We are sitting with Henry’s family during his trial, and through a new site called almostahashtag.org, are reporting updates from the courthouse. Check out the site and follow our social media posts using the hashtag #almostahashtag and #freeHenrySires. Henry is the first case we are sharing through this new site to bring attention to those who almost became a hashtag. If you have a case that you want profiled, email us. We are trying to bring the movement on the streets that is calling to an end to police violence to also step into the courts, where the violence of the criminal justice system continues.
Before retiring as a public defender, Aram James handled thousands of probation violations. In his essay, he writes that to fully evaluate Judge Persky’s sentence of Brock Turner, the public needs to account for what being on probation really means to those convicted of a crime.
Former Stanford student and potential Olympic swimmer Brock Turner, a 19-year-old freshman at the time of this incident, was convicted in March of three felonies: assault with intent to commit rape of an intoxicated or unconscious person, sexual penetration of an intoxicated person, and sexual penetration of an unconscious person. The victim was a 22-year-old female college graduate, from another university, who attended the same alcohol-fueled Stanford fraternity party as Turner. Continue reading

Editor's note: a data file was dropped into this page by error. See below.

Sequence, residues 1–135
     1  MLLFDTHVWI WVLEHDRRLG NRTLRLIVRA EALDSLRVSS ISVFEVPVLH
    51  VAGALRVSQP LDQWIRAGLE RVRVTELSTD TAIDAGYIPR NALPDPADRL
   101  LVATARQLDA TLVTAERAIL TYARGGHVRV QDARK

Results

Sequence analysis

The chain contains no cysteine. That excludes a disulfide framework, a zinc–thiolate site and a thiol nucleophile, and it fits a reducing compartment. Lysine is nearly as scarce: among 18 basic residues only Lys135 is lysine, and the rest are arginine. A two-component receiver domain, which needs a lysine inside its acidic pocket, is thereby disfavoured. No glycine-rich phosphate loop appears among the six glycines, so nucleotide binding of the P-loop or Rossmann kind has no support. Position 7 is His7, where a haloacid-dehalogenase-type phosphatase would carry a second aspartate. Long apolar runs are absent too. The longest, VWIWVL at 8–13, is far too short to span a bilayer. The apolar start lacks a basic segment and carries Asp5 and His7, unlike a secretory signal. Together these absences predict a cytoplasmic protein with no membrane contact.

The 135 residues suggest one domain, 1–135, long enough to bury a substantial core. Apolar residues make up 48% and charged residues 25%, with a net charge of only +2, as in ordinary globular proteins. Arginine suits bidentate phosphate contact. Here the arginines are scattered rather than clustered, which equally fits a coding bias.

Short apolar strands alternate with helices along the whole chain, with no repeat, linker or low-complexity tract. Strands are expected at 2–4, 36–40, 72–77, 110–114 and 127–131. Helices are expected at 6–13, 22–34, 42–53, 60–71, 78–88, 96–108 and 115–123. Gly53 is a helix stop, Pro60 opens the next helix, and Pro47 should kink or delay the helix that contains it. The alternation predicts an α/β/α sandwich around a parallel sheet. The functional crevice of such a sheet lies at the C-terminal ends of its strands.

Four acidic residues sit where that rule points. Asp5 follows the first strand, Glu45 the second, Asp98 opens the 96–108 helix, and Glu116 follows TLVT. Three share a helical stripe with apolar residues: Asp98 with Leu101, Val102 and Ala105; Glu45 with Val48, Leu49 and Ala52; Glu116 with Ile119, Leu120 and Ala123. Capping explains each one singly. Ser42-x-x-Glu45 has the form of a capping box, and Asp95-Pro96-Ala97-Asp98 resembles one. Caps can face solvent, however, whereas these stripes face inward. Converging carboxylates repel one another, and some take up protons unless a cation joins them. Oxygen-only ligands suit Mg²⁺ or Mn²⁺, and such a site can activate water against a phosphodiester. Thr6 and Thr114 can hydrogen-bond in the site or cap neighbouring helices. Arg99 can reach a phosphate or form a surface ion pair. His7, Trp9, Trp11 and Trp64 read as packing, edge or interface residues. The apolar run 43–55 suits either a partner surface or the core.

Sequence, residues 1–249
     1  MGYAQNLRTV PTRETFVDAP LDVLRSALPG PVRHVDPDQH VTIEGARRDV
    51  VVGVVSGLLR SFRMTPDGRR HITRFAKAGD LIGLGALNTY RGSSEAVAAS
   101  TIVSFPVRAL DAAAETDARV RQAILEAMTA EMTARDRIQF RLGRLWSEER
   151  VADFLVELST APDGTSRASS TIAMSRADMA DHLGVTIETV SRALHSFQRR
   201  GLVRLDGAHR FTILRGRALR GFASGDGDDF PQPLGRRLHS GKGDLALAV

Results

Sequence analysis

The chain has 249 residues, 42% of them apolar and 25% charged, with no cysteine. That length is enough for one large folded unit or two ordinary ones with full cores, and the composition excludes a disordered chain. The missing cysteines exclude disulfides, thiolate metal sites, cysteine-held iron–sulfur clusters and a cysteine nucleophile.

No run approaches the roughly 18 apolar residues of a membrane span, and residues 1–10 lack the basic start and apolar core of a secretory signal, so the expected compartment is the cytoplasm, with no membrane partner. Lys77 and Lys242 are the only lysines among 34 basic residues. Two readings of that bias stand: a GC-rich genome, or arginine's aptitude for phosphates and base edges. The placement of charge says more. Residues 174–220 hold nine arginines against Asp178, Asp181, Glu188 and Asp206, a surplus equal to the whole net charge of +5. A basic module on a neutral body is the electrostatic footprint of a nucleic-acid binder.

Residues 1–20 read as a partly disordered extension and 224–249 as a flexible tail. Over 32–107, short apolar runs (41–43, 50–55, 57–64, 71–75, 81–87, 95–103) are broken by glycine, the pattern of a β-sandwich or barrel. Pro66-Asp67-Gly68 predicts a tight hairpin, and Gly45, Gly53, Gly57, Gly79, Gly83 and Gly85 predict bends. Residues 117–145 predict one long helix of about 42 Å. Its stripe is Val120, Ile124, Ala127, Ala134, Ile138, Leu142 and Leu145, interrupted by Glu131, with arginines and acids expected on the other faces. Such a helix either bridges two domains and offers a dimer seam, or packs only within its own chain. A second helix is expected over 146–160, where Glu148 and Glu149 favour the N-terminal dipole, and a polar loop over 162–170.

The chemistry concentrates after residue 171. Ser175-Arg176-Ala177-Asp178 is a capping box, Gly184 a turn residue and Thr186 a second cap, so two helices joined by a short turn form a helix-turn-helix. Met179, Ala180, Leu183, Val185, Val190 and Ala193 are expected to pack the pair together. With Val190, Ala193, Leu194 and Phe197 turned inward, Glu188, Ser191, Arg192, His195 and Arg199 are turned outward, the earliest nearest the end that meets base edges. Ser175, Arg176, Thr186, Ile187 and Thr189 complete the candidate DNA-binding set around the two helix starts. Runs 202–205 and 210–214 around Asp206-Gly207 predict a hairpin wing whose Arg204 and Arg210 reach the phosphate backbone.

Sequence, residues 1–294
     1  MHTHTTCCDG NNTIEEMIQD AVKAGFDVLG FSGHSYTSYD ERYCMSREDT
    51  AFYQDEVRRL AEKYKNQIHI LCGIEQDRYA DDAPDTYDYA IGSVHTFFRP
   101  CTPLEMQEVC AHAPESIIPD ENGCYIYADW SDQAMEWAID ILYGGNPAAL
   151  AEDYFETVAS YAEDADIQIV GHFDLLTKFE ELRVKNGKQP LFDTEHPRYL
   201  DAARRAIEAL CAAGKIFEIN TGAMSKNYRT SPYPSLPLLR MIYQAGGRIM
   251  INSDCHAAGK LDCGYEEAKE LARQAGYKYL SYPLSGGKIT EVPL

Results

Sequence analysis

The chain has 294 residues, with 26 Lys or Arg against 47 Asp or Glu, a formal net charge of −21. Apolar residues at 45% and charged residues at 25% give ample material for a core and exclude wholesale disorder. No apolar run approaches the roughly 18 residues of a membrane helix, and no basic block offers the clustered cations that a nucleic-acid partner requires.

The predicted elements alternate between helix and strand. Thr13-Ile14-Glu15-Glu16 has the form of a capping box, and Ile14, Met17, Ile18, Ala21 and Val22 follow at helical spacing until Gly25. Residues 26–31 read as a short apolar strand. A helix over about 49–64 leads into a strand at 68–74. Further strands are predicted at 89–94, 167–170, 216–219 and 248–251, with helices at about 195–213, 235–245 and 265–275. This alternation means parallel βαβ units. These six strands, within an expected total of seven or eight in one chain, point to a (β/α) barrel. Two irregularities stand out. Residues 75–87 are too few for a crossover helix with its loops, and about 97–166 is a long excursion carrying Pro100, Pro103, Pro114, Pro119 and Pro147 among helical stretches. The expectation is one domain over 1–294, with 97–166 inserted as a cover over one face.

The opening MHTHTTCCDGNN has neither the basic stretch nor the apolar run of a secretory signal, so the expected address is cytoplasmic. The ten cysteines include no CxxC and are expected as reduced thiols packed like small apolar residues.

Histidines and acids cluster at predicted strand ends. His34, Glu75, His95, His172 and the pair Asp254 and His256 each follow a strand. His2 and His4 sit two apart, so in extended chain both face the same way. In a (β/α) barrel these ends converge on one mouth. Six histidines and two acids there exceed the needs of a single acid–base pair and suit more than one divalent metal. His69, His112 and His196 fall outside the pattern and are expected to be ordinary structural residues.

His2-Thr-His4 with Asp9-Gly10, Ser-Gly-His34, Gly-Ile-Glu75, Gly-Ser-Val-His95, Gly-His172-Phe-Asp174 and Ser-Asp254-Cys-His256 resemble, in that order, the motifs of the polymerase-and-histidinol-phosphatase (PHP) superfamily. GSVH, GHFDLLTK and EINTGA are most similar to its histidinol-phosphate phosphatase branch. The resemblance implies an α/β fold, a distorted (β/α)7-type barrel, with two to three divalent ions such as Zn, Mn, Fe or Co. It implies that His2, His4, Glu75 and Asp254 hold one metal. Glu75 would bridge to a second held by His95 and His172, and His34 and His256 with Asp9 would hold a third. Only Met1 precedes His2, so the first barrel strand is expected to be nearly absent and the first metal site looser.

Through the Washington Defender Association and the Incarcerated Parents Project, we had the honor to spend a week in Washington state to work with four very different families who had one thing in common — they were each fighting a court system that was trying to keep their families separated, and the most powerful weapon they had to win reunification was the power of their own story. Through their courage they were challenging the criminal court system (Daniel), immigration court system (Gladys), Dependency Court (Brian), and trying to secure a federal prison transfer (Derina and Gina). We spent time with Daniel at the Chehalis Detention Facility, as he tries to win clemency from his sentence which will have him spend the rest of his term in adult prison and away from his young daughter. We sat in the family home of Gladys who is in a immigration detention center facing deportation and being a nation away from her children. We worked with Brian to tell his remarkable story of how he has turned his life around so he can reunite with his two boys that the dependency system is trying to take from him permanently. And we got the opportunity to sit with Darina, a wonderful 7-year-old who is doing everything in her power to get the federal prison system transfer her father from Texas to Oregon, so she could build a stronger relationship with him.
It was a remarkable week. Check out this highlight reel to meet some of the amazing families!